Love (of moolah), actually

Saturday 23 November 2013, 3.35pm HKT


Our American cousins have now reached the point of having to find ways to protect themselves from the Old Bill. Probably all from a love of money, I think.

police brutality poster

(via c4c)

A store owner in Miami Gardens in Florida, USA, has been video-capturing everything in his store in an effort to protect employees and customers from supercharged policing tactics occurring almost daily at his business premises.

“Saleh [the store owner] was so troubled by what he saw that he decided to install video cameras in his store. Not to protect himself from criminals, because he says he has never been robbed. He installed the cameras — 15 of them — he said, to protect him and his customers from police.” — Miami Herald | 22 NOV 2013

Read the full, sordid story here.

Singularly creative offence

The reason why I’m writing about policemen screwing over some poor sod in a far-off (and far-out) country like the USA was that the statistics hit me in a oddly nostalgic way.

The surrealistic nightmare recounted in the Miami Herald story must seem to any sane person like one for the Guinness Book of Records — with one store employee being—

  • stopped and questioned for 258 times in a space of four years (or nearly once every other day)
  • searched more than 100 times
  • arrested and jailed 56 times

On top of those recordbreaking statistics, that singular employee had the additional misfortune of being arrested 62 times for the singularly creative offence of trespassing at his own workplace WHILST being employed and expressly permitted to be on the premises by his store owner/employer. His rap sheet is 38 pages long, containing all sorts of charges never even pursued by prosecutors.

Interesting statistic

police-brutality_noIn other words, the Old Bill has been pummelling this individual 476 times over (for the sake of our calculation) four years — 119 times a year, or once every three days.

Pay attention to this once-every-three-days average. You’ll see why a bit later.

Arresting a person for trespassing his own workplace whilst being employed and permitted to be on the premises is criminal intimidation and harassment. In some common-law jurisdictions, it is known by the alternative term oppression. It’s in the law books everywhere, but no government on Earth or in Heaven will sue their own police officers for that. It’s against public policy.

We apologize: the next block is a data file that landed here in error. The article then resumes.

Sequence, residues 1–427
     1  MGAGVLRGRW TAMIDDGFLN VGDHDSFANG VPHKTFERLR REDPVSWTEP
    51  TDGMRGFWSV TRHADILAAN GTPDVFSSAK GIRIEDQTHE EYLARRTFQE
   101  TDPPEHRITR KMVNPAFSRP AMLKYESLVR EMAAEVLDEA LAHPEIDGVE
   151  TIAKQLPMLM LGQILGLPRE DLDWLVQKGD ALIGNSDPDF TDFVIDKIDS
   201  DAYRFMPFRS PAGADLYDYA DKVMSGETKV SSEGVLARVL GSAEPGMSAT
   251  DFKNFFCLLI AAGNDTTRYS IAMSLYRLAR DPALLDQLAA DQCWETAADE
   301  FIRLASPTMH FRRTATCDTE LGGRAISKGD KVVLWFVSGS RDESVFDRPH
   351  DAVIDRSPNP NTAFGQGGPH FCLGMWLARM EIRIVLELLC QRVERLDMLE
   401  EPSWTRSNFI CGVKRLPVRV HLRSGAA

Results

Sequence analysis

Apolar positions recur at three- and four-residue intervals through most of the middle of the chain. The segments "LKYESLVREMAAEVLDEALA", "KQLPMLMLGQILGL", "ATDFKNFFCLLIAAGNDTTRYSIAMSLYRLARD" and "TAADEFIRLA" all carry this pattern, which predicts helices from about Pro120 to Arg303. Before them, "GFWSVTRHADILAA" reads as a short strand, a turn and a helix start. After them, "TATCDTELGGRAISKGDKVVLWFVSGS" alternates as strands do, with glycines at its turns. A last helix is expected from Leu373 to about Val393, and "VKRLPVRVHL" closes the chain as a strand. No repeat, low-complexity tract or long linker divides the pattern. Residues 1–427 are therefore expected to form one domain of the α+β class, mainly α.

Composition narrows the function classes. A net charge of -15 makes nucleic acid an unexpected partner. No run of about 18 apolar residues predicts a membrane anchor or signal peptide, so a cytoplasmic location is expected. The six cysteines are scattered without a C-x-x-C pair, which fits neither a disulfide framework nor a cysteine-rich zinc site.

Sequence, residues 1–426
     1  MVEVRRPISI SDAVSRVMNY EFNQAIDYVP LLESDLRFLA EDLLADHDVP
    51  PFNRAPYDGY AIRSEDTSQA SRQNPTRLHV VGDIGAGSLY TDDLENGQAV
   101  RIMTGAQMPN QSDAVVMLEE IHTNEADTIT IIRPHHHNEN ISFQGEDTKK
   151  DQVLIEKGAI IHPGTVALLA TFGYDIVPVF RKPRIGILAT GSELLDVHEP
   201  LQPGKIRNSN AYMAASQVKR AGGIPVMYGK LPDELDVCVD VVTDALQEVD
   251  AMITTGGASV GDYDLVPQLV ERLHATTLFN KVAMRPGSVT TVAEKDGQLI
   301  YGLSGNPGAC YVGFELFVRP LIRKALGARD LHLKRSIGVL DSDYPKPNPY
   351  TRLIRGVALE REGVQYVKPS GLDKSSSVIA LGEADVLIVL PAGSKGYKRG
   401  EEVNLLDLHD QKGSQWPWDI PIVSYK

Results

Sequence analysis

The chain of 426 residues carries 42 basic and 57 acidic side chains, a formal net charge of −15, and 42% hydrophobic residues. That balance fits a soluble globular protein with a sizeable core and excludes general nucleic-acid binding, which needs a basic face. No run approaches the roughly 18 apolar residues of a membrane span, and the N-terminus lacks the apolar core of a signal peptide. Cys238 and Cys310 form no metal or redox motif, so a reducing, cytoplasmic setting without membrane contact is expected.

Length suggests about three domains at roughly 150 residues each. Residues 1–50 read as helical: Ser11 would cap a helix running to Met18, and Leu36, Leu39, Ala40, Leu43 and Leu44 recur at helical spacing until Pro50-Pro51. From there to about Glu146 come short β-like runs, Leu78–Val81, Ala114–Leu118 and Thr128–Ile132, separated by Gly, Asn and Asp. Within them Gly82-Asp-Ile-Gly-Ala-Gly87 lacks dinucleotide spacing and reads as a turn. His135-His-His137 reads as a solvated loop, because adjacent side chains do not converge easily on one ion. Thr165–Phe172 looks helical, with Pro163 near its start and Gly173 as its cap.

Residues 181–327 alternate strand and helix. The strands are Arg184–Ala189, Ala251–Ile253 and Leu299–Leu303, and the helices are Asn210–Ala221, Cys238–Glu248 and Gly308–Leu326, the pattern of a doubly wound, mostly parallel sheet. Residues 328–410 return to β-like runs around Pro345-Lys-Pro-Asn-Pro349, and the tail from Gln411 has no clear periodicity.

If you have a rap sheet 38 pages long but the authorities have pursued none of the charges, why is there a rap sheet? That, my furry little friend, is what oppression looks like.

Seen it all before

If this piece of American metro news has made it to a place 10,000 miles away like Hong Kong, you bet this is mind-effingly serious.

Here’s my take:—

The head of the civil liberties organisation mentioned in the story has been a little too constructive, I think. This whole business of policemen stopping, searching, questioning, arresting and gaoling (jailing) that singular individual for hundreds of times ISN’T some kind of overzealousness on the part of the police officers. Neither is it some kind of negligence on the part of the senior police commanders.

Who the hell are we kidding here?

The police officers of the precinct are pressurising people to cough up protection money. Payoff. Payola.

We in Hong Kong have seen it all before. We used to have this kind of thing going on here in back in the 1960s — certainly before the establishment in the early 1970s of our anti-graft agency called the ICAC, the Independent Commission Against Corruption.

police notice bradford-leeds airport 2010

(via iflyblog.com)

If you’ve ever seen a person being worked on for payola (or even having experienced it yourself), then you’ll know the harassment comes on every three days. Any more frequent than that, it’s probably not for payola but a blood feud. Any less than three days, it’s probably just a more frequent version of an isolated incident. This is the criterion that detectives themselves go by when investigating harassment and payola crimes. Who are we non-policemen to argue with that?

On the excuse of

Anyone here over 40 years old will easily recall a gigantic news item from the 1970s, of that whistleblowing police officer being run over several times (by a car used for undercover police use) right on the doorsteps of the then ICAC headquarters in Hutchison House in Central district. Could we effing ever forget.

Or that other news item, equally gigantic from those days, of another police whistleblower who got chopped to shreds with watermelon knives also right on the same ICAC doorsteps. Could we flippin’ ever forget that one as well.

In our Miami Herald story, that kind of policing tactics is carried out on the excuse of rather than by reason of the town’s alleged gang violence, drug crime and shooting sprees. It isn’t very possible to demand payola if there place is relatively crime-free. So things just have to be let go to pot first — let it spiral out of control for a bit — and then kick in the blunderbuss policing. Then it’s plain sailing for the “pay up or else” line.

The hell who you’re kidding, sport.

dangerous to be right

(via chanstickers.com)

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© The Naked Listener’s Weblog, 2013. (B13392)

2 Responses to “Love (of moolah), actually”

  1. Ed Hurst said

    But the payola isn’t demanding literal bribes, but the sort of “get on board with our program” kind of thing. It also means not hiring or serving a certain class of clientèle, the sort that happens to be just about the only customers the man has.

    Like

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